Most of the investment style that was employed by JMK has been diluted down to the concept of value investing which consists of entering into transactions which investors expect to "buy-and-hold" stocks for the "long term" using "fundamental" analysis derived from the balance sheet of large and small publicly traded companies. Since we all know the mantra and conventional wisdom, we at New Low Observer, will try to take claim for playing the devil's advocate when interpreting what JMK meant when he said, "an investor...should be aiming primarily at long-period results." This exercise may stretch the realm of credulity. However, we believe learning begins where conventional wisdom ends.
As trained economists, we have read much of JMK's theories on money, credit and interest rates. We are also familiar with JMK's involvement in public policy both in the United States and in Britain. In the last 3 years we've had graphic examples of Keynesian economics in attempts to resolve credit crisis after credit crisis. We're aware of the "feuding" philosophies of Keynesians and the Austrian School of economics. However, never in our economic courses in college did we cover the topic of JMK as an investor. Why is this even important to us as investors? One good reason is that Keynes was resolutely known as one of the greatest investors of his time. Considering that if you halved the investment performance of Keynes during the period from 1927-1946 and compared it to the British stock market performance, he still would have beat the market by 600%.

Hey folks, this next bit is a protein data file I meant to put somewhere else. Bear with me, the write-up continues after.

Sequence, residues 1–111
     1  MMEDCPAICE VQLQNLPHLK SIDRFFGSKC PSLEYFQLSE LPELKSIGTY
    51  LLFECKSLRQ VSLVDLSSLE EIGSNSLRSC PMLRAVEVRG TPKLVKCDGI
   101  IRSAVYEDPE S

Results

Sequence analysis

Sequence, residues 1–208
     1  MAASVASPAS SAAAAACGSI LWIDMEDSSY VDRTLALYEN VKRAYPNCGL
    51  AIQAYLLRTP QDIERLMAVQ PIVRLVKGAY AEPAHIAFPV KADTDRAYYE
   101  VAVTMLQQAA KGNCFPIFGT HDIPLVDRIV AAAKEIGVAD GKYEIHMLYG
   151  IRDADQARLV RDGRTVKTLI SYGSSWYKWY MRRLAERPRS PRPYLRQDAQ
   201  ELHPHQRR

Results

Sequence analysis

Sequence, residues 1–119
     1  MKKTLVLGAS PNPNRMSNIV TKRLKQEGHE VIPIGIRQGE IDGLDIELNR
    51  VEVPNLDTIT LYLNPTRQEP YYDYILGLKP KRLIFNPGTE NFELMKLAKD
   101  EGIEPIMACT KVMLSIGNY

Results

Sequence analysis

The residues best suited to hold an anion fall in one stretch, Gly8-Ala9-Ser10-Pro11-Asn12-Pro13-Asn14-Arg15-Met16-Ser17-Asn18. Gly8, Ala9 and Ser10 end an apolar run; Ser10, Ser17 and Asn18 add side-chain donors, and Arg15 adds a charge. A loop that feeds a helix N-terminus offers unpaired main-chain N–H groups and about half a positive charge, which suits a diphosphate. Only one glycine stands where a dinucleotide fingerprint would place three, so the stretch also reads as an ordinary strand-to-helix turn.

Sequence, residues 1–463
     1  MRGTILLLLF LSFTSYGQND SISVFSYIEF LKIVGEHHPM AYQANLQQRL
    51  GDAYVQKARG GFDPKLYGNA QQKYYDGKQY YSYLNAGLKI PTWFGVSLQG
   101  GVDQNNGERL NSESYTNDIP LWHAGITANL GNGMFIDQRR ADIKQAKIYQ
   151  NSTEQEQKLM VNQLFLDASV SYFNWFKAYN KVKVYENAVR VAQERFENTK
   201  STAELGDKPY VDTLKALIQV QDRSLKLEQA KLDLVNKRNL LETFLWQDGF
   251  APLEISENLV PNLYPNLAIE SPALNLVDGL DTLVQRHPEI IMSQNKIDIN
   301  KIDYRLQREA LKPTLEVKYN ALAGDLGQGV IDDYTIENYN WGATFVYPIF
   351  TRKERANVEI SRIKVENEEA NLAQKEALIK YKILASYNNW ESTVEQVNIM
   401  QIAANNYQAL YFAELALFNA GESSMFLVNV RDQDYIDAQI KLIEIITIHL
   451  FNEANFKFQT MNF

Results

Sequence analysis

The following is the first of (hopefully) many excerpts from books and journals on the topic of Keynes as an investor.
More bad news, this time from wall street in late March, brought another slump in health for Maynard, who still had ‘a huge American position’. Lydia took it philosophically: ‘it is quite natural after so much work, change of weather, the world situation, Wall Street and life in general’.
In the last fortnight in March he sold $40,000 to $50,000 worth of securities, steadily reducing his debt to Buckmaster and Moore, while preserving most of his liquid resources. In the year of ‘terrific decline’ which had started in the spring of 1937 he lost nearly two-thirds of his money. His net assets fell from $506,222 at the end of 1936 to $181,244 by the end of 1938, with his gross income cut by two-thirds, from $18,801 in 1937-8 to $6,192 in 1938-9.